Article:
If your plan is to run a newsletter as a hobby, Substack is perfect—it’s free, easy to set up, and makes sending out emails and building a subscriber base fairly straightforward. The problem comes if you want to make a living publishing your newsletter, at which point Substack can quickly become expensive. That’s because, instead of charging a monthly fee, Substack takes a 10 percent cut of all revenue.
Flawless as their reputation may be, the economics of using Substack are hard to justify over the long term. Say you manage to get 500 people to pay $10 a month for your newsletter—that’s a real accomplishment. It also means your newsletter is pulling in $5,000 a month, of which Substack will take $500. Annually you’ll be paying Substack $6,000, and it only gets more expensive with the more success you have. You might think this is fair, you might not. Either way, sticking with Substack when other options may be more cost-effective at that point is leaving money on the table.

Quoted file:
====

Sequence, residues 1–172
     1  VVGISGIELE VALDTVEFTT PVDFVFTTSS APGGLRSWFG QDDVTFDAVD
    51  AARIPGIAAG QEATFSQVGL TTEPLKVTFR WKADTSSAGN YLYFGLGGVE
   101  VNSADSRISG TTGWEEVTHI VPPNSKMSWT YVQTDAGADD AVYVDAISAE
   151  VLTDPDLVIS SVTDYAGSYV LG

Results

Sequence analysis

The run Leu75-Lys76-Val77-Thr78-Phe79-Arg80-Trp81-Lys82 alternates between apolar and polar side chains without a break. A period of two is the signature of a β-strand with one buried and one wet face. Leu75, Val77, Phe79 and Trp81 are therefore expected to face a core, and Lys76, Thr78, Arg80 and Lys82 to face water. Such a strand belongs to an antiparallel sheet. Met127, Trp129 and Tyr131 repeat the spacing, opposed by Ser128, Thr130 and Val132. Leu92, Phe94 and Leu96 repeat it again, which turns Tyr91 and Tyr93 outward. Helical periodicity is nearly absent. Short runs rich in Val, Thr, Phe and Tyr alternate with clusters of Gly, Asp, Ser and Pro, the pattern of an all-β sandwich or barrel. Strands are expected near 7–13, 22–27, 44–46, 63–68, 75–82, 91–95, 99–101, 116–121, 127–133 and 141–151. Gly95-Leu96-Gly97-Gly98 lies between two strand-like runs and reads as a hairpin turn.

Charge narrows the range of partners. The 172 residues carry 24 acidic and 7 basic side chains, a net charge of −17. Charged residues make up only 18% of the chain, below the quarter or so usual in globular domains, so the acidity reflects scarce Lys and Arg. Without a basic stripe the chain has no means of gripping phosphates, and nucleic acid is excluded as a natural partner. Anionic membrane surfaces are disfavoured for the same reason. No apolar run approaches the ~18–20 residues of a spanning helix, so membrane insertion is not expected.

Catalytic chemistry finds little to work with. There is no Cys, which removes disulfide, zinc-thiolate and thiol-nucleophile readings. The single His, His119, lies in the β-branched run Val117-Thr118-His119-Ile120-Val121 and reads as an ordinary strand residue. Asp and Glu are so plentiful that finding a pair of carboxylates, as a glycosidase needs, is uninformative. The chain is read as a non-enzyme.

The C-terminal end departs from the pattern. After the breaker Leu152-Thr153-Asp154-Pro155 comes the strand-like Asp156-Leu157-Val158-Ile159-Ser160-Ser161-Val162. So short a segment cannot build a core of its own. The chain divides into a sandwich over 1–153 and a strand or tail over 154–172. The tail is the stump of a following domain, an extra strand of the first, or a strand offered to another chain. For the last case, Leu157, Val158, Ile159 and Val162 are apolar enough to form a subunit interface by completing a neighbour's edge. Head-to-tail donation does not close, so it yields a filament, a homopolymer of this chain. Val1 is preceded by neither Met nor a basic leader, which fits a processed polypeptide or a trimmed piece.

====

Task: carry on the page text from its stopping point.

It would be hard to leave Substack, granted. They are a very good, normal company—one that does not at all enable extremism (wink.) Everything Substack does is justified, and good, and pure, and the company certainly wouldn’t send a mob of transphobes into the mentions of a freelance service journalist. Being associated with Substack isn’t bad for your brand, in any way.
With that in mind, here are some more affordable alternatives that are worth checking out, what they cost, and a few links to newsletter publishers who migrated from Substack and discussed their experiences.
Ghost is open source and run by a nonprofit. You could, in theory, install Ghost on your own server, although most people opt to pay Ghost instead, including several former Substack publishers. Ghost offers an official guide for migrating and even a free concierge service that will handle the migration for you.